Halloween is for kids to have fun; it's an annual childhood glut-fest of too much candy, too much screaming, and way too much fake blood. And while pint-sized ghosts and goblins might not really frighten adults, there are some scary things parents need to know.
"Across the country, there are about four times more pedestrian injuries on Halloween than any other day, and it has been reported there are twice as many pediatric deaths on Halloween, so the injuries can be very serious," said Dr. Tony Woodward, Emergency Room chief at Seattle Children's hospital.
Keeping your children safe on Halloween begins before they leave home. You can put reflective tape on a costume, add blinking lights or glow stick, anything to help make your kids more visible to drivers.
“In general, we recommend, not wearing a mask. If you are going to do something with your face, try using face paint. You can get the same effect, but if you do wear a mask, you want to make sure you have nice eyes, nice holes for your ears, so you can hear, and nice holes so you can breathe. Anything that impedes your vision on a dark night makes it a little bit harder to see some of those obstacles that are out there," said Woodward.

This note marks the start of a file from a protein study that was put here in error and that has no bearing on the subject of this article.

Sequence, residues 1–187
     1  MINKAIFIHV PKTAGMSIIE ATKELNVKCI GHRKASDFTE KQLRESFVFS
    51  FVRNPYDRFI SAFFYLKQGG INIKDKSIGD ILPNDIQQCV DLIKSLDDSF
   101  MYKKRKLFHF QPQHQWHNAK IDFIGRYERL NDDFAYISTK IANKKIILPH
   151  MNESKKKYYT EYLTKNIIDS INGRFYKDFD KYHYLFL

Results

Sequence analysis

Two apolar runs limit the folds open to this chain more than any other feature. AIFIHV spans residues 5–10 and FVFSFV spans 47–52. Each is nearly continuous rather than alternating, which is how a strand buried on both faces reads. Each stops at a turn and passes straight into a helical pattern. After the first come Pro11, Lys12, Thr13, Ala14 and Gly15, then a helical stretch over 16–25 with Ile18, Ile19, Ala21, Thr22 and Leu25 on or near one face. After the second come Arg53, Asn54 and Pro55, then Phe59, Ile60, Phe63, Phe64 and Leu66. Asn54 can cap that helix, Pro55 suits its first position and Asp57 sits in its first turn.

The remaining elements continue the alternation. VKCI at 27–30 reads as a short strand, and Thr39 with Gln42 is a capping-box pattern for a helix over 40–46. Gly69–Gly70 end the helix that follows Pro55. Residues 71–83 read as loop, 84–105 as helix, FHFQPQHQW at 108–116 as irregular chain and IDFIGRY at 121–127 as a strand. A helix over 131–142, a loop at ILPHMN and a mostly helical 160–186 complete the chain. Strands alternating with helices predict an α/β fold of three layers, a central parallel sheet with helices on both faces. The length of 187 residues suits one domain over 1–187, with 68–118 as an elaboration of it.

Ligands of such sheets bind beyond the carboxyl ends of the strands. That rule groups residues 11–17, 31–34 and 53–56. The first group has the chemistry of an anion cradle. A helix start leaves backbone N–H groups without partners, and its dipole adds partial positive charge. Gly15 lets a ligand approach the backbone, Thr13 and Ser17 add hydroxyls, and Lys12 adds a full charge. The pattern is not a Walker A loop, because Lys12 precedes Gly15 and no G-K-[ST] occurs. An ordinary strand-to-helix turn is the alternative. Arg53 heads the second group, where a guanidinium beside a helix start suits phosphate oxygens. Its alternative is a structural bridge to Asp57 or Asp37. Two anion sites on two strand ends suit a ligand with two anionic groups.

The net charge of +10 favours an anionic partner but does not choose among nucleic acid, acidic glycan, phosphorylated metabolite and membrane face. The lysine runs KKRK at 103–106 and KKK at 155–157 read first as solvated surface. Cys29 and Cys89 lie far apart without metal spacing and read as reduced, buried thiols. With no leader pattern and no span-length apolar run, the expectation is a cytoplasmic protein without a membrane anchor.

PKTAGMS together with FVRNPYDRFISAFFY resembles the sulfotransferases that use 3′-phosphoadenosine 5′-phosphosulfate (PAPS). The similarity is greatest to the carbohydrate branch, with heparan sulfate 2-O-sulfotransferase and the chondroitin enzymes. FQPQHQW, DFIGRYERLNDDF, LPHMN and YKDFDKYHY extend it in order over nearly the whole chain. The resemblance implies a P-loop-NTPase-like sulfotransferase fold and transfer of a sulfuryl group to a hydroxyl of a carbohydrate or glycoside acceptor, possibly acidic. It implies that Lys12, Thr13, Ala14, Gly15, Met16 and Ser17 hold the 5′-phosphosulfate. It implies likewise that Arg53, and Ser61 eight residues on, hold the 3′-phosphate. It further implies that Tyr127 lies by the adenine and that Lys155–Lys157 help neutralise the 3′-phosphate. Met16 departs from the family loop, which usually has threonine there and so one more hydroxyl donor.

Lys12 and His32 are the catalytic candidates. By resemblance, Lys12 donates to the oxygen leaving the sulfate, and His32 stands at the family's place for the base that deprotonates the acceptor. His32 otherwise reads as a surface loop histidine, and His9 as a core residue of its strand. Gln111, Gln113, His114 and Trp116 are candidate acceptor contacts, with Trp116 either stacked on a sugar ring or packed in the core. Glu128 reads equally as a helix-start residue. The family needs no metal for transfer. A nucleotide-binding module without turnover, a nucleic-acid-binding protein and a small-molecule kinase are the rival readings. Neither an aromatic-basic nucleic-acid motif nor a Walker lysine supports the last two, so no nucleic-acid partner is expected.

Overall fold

Tripping accidents can happen with costumes that are too long or shoes that are too big. And if it's a homemade costume your child is wearing, make sure to fire retardant material.
If you are worried about too much candy, try sending your child out the door with smaller bags, but if that doesn't work, consider this idea.
"In situations where you are really worried about your kids having too much candy, think about a buy-back program," Woodward said. "It makes the child feel valued, they get something that is valuable to them, and you keep them away from something you might not want them to get in to. I think if parents pay attention, and they supervise, they have some control over what's going on, and they make their kids as safe as possible on the way out. It's an awesome time of year."
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